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Q&A with Commission on Political Reform Leadership

The Commission on Political Reform began its work in 2013. Twenty-nine commissioners— including former Members of Congress, former governors, former cabinet secretaries, and more —conducted their work over the course of 18 months through field hearings across the country, exploring what might be done to change Congress to improve the governing climate.

The commission co-chairs were well-versed in how to do this, representing leadership experience in both the legislative and executive branches of government. The commission’s unanimous bipartisan final report—Governing in a Polarized America: A Blueprint to Strengthen Democracy—contained more than 60 recommendations under the categories of Electoral System Reform, Congressional Reform, and A Call to Service.

Recently, CPR Co-Chairs Tom Daschle, Dan Glickman, and Olympia Snowe discussed the importance of the CPR report’s recommendations in this current political environment—and shared what gives them hope for our democracy during these contentious political times.

We posed three questions. Here’s what they had to say.

In your view, what were the top recommendations in the CPR report that are relevant today? 

Daschle: All of our recommendations are perhaps even more relevant today than when we wrote them. But without a doubt, the recommendations on congressional reform are the most important. The legislative branch is broken and nearly completely dysfunctional. The budget process is one of the best examples. As I read our recommendations, each of them apply doubly today.

Glickman: The top recommendations of the commission which are relevant today are the internal reforms in the Senate and the House to make the legislative process work better, and the need for Congress overall to act as an equal constitutional body to the executive branch in everything that it does under our laws. To the extent that Congress acts passively, does not pass its budgets and appropriations on time, and cedes authority in foreign policy to the president, it will continue to weaken itself. I also see Congress asserting itself in foreign policy issues, especially in the Senate, where there is a growing trend toward bipartisan oversight.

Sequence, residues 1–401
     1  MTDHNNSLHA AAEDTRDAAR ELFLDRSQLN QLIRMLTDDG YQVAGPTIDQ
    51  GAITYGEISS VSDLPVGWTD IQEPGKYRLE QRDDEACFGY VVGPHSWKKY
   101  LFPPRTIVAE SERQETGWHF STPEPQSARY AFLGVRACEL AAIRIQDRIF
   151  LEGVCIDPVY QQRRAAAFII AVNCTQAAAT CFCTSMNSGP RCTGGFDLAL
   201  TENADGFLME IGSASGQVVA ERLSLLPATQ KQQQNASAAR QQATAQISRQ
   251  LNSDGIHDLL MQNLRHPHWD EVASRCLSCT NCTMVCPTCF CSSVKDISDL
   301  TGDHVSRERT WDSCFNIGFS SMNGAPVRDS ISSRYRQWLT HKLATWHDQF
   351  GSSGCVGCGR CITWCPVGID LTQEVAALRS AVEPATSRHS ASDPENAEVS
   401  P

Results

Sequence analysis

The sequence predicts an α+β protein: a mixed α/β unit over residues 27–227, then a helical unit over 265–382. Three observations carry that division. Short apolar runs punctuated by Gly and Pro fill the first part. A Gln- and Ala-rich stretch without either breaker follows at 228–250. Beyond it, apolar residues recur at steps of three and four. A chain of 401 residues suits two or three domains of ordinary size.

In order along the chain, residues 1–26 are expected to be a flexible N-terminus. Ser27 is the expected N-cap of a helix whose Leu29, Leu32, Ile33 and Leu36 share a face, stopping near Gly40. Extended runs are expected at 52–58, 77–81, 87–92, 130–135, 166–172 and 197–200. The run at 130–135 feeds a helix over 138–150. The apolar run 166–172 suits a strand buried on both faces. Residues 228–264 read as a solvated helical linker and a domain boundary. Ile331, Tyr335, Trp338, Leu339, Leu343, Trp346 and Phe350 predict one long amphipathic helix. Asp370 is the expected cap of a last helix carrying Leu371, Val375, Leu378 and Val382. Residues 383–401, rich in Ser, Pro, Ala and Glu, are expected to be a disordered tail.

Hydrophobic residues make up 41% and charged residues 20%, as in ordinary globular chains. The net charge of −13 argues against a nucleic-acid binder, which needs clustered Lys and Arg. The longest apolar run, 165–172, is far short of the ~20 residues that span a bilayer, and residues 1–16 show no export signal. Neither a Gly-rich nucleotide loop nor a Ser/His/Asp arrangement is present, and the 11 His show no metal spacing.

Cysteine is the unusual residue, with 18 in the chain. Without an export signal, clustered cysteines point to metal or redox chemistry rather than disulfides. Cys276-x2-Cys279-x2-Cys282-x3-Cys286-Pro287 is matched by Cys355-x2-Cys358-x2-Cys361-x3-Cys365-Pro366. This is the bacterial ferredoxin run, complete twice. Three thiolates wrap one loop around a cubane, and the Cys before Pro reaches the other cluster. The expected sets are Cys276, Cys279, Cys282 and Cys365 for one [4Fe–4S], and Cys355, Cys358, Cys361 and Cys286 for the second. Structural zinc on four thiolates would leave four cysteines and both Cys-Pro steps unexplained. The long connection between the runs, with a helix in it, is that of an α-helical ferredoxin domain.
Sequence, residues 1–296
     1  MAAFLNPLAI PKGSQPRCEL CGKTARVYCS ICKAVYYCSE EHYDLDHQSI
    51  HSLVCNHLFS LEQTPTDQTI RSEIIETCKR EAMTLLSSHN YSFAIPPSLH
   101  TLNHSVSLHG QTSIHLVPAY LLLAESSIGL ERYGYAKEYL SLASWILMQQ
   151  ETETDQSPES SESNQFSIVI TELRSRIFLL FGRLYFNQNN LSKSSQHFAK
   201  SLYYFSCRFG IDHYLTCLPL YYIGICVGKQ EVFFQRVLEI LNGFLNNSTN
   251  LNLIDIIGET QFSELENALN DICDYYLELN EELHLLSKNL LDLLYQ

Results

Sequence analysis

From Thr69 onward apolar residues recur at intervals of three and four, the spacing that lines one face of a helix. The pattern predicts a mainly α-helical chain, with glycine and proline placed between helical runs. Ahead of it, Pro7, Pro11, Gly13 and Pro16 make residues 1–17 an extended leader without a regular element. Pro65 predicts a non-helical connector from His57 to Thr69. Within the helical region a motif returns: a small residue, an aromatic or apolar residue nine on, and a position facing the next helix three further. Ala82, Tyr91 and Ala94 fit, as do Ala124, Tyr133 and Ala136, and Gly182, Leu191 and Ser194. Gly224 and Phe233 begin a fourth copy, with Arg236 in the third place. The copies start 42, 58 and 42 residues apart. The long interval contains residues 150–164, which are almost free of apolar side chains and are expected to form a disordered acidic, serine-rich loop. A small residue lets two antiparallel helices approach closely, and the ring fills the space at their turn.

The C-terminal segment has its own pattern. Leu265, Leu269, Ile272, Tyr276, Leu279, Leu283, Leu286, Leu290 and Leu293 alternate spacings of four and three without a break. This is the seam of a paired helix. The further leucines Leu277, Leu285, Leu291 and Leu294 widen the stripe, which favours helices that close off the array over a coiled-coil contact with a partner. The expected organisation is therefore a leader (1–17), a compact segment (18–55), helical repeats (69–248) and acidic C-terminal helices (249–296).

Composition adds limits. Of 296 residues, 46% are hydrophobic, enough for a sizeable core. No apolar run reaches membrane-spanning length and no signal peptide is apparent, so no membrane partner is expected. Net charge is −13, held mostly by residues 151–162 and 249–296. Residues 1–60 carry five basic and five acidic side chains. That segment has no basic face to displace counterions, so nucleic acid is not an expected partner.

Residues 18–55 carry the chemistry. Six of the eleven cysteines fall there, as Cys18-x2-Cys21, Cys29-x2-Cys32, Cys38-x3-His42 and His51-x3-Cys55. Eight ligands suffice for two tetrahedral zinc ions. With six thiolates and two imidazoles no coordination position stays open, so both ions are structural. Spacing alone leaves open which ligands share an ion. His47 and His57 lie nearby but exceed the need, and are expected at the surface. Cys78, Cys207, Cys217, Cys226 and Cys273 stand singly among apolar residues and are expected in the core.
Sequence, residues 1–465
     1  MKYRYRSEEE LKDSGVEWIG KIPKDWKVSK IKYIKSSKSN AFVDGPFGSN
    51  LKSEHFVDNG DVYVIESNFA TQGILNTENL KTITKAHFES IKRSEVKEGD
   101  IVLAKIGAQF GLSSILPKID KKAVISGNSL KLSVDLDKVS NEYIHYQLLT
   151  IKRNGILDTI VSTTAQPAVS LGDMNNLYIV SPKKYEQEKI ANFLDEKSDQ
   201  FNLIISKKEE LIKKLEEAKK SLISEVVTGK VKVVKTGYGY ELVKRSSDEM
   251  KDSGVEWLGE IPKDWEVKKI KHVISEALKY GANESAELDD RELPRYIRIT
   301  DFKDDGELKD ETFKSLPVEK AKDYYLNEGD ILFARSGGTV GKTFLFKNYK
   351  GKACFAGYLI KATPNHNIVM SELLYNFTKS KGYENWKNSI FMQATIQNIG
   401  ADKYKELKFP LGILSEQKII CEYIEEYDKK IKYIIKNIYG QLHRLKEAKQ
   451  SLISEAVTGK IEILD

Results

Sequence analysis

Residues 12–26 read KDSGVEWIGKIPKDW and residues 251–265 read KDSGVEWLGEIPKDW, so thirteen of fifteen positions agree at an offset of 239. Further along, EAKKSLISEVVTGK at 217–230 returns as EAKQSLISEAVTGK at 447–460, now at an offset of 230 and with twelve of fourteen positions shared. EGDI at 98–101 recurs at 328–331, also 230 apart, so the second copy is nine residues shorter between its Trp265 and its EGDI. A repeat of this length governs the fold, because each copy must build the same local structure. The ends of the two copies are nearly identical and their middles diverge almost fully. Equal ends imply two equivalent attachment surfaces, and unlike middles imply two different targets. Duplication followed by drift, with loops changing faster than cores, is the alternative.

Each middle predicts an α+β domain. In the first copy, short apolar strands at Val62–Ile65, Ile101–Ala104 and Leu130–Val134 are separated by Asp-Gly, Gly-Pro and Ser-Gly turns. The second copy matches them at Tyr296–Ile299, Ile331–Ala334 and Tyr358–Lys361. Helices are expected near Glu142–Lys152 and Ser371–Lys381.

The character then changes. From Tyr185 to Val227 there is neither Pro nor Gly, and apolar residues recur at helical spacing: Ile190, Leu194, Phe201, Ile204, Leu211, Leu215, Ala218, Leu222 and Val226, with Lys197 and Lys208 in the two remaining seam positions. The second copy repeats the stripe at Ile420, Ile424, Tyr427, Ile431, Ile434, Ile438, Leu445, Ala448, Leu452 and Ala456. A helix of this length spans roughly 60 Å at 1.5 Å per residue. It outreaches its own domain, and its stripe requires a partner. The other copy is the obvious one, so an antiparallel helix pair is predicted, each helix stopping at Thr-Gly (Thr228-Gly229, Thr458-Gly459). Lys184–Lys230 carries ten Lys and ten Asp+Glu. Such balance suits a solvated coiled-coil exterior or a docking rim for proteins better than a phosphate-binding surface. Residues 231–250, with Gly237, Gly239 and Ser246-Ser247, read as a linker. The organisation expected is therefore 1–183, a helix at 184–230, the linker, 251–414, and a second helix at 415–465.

Snowe: I believe our recommendations for institutional reforms, including using the committee process to draft legislation to create bipartisan buy-in and creating a more open amendment process, remain critical. At the same time, real progress cannot occur inside Congress without changes outside of Congress, in the electoral process. 

As we urged in our report, states should adopt measures to create more open primaries, to move away from closed primary systems which produce more staunchly ideological candidates who do not reflect the true depth and breadth of the American voter. It is also critical for states to establish redistricting commissions, to avoid the kind of single-party gerrymandering that has contributed to political polarization. This is particularly important and urgent as the next round of redistricting will occur in 2020.